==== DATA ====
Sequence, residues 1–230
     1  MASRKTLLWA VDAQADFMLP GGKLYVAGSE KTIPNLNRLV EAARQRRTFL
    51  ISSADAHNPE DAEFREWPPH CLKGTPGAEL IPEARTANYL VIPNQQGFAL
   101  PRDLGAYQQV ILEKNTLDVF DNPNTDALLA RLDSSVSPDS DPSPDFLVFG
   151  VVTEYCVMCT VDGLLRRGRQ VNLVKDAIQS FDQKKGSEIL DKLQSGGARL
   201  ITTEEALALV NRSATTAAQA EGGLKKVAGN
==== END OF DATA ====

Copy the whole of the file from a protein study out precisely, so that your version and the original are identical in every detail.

Sequence, residues 1–230
     1  MASRKTLLWA VDAQADFMLP GGKLYVAGSE KTIPNLNRLV EAARQRRTFL
    51  ISSADAHNPE DAEFREWPPH CLKGTPGAEL IPEARTANYL VIPNQQGFAL
   101  PRDLGAYQQV ILEKNTLDVF DNPNTDALLA RLDSSVSPDS DPSPDFLVFG
   151  VVTEYCVMCT VDGLLRRGRQ VNLVKDAIQS FDQKKGSEIL DKLQSGGARL
   201  ITTEEALALV NRSATTAAQA EGGLKKVAGN